People at public hearing of Michigan Dept. of Civil Rights in Holland, discussing new protections for gay and lesbian people.
HOLLAND, Mich. (WZZM) - A statewide research project is adding new fuel to the fiery debate over gay rights in Holland.
The Michigan Department of Civil Rights is collecting testimony across the state to help leaders determine whether new anti-discrimination protections are needed.
The debate over gay rights had people crowding into the city council chambers, but supporters of an anti-discrimination law pointed to those not in attendance.
"I wish to recognize those who cannot attend tonight's forum because the risk of retribution is too great," says one member of the gay rights group, Holland is Ready.
"I've heard from people who are gay and their boss doesn't know they're gay and has made comments about how they wouldn't hire a gay person or a lesbian," says Lindsay TerHaar, spokeswoman for "Holland is Ready."
Last year, the city council voted 5 to 4 against new employment and housing protections for gays and lesbians. Opponents of new legislation wanted to make sure the state heard the same message.
"Where does it stop? Where is it for the person that decides bestiality is for them or being a pedophile is their preference? Now, they feel discriminated against because of their preference," says one man against new legislation.
The Michigan Department of Civil Rights documented each person's testimony for a year long research project.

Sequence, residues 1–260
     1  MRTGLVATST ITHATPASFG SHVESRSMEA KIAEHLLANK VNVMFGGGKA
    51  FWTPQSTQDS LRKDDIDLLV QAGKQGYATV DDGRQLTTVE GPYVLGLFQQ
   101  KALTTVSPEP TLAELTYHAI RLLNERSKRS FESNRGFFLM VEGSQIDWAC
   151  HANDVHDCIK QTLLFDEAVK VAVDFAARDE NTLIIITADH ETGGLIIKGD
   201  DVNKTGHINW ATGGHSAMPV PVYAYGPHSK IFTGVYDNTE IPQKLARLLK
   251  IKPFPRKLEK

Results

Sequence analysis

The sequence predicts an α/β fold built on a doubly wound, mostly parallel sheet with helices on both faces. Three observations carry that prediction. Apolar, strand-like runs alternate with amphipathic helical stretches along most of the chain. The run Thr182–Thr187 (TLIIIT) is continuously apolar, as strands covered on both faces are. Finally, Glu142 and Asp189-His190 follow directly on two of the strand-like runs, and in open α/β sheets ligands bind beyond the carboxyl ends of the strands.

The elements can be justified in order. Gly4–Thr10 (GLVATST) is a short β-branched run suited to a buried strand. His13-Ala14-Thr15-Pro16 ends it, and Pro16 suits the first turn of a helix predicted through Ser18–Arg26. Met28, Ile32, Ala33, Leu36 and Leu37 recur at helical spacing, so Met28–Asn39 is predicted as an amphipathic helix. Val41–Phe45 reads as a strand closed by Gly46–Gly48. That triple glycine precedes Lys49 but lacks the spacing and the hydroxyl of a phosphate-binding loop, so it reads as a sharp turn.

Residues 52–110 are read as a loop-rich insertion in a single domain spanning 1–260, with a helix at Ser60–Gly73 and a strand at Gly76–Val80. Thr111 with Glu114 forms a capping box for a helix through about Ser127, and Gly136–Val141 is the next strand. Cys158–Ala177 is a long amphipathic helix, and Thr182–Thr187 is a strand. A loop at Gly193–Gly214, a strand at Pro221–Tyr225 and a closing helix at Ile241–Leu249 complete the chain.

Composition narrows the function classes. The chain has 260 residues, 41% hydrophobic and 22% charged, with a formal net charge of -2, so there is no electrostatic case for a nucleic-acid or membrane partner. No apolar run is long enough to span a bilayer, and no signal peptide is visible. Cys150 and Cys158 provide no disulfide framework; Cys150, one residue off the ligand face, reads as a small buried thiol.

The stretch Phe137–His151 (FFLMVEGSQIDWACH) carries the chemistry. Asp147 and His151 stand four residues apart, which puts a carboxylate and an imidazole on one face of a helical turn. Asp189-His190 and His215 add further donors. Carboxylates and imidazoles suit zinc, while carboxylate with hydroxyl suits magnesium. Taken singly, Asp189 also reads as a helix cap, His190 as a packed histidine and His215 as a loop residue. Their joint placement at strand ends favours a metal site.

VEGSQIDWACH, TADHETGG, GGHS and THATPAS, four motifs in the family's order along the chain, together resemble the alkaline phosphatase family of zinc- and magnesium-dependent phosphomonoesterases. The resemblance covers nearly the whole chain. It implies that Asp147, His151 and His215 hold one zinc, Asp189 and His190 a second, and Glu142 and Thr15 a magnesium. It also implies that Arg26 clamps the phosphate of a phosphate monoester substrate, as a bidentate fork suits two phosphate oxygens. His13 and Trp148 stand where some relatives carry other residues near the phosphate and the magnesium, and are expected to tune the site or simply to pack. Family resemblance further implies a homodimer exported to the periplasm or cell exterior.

"There's been a storied history with this. I knew we could get a diverse range of opinions here," says Regina Calcagno, with the Michigan Department of Civil Rights.
Some have even got into legal trouble over the issue. Pastor Bill Freeman objected to the council's decision and was charged with trespassing for refusing to leave city hall.
"It was worth it. I'd do it again in a minute," says Freeman.
Pastor Jason Smith on the other hand, supports the council's decision.
"I'd hate for it to come down to five or six people or whatever it is, making the choice for thousands of people. I was very pleased with what they did last year," says Smith.
But supporters are hoping they now have a second chance with the state.
"We say Holland is ready and when you write your report to the legislature remember us," says one member of Holland is Ready.
The Department of Civil Rights is also making stops in Jackson, Ann Arbor, and two other cities that will be determined later. The department's final report is expected in early 2013, and could lead to additions to the state's civil rights act.